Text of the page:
Interfaith coalition asks Obama to ban torture: Coalition supports "golden rule" approach

December 16, 2008

A multifaith coalition of more than 200 religious organizations is calling on President-elect Barack Obama to sign an executive order banning torture as one of his first acts in office.

“This is an opportunity where one individual could with one stroke of the pen really change U.S. history,” Linda Gustitus, president of the National Religious Campaign Against Torture, told reporters in a conference call November 12. She said an executive order by Obama “could turn the page on a very, very dark chapter and end U.S.-sponsored torture.”

Nearly 60 delegations in 27 states and the District of Columbia contacted about 70 lawmaker offices in a “National Day of Witness” on torture. They asked Congress members to support a statement declaring the use of torture and cruel, inhuman or degrading treatment against prisoners as “immoral, unwise, and un-American.”

“The use of torture by the United States in recent years and our refusal to renounce its use has diminished us as a nation—not only in the eyes of our own citizens, but certainly in the eyes of the world,” said John Thomas, general minister and president of the United Church of Christ.

Added Thomas: “We have squandered the international goodwill that was bestowed upon us after 9/11, and we have in many ways forfeited our role as a moral leader in the community of nations.”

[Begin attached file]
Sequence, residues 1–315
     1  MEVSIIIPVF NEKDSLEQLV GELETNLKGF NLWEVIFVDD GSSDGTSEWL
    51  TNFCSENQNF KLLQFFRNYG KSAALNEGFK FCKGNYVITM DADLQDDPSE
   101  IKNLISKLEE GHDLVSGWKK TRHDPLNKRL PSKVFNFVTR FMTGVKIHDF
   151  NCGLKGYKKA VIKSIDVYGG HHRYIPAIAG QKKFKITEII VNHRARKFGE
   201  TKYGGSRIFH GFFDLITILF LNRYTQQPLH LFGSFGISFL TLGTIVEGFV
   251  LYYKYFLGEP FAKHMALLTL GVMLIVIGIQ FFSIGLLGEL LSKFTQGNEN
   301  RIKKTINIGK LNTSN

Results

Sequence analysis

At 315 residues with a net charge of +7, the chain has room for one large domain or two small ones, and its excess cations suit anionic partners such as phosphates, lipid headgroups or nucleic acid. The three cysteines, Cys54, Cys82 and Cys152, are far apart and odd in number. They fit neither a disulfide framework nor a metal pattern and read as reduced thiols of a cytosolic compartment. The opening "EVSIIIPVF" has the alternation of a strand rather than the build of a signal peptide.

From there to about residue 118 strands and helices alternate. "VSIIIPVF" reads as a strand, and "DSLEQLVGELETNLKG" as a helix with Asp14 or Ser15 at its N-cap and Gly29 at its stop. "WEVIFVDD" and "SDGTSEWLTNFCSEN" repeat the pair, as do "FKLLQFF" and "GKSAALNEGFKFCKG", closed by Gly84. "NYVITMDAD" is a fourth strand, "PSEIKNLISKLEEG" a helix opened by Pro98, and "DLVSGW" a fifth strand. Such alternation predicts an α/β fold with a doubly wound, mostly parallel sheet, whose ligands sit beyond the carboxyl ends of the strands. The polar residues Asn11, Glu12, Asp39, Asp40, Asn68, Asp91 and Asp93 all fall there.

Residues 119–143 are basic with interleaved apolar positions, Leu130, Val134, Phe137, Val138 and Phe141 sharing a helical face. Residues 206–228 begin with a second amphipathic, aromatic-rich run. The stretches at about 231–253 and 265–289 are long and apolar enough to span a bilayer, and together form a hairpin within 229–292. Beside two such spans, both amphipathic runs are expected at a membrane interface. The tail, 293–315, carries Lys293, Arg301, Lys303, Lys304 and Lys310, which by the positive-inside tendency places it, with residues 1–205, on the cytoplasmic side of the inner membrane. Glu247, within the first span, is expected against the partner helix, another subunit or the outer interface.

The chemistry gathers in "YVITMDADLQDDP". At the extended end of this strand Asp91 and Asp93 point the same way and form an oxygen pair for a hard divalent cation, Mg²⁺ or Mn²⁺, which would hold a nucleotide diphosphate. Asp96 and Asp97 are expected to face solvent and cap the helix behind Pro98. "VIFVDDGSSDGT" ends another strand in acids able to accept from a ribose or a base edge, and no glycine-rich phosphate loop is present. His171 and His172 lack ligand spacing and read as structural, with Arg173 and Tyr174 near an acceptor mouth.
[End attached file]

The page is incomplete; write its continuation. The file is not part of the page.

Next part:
The coalition, formed in 2006, supports a “golden rule” approach to torture, whereby the U.S. does not authorize or use any methods of interrogation that Americans would find unacceptable if used against U.S. soldiers or civilians. It also calls for one national standard about torture inasmuch as the CIA is not bound to limitations set by the U.S. Army Field Manual.

The coalition opposes holding terrorism suspects in secret prisons or transferring them to countries that use torture and calls on the government to hold accountable U.S. officials who authorize, implement or fail to prevent torture, regardless of their rank or position.

Representative Rush Holt (D., N.J.) issued the first statement by a member of Congress in support of the effort. “Torture tarnishes our nation’s values and damages our credibility,” Holt said.

“While an executive order will not remove the need for legislation on the issue, it is a way for President-elect Obama to put an immediate halt to our government’s use of torture during interrogations and to put an end to the practice of secret detentions,” Holt added. –Associated Baptist Press

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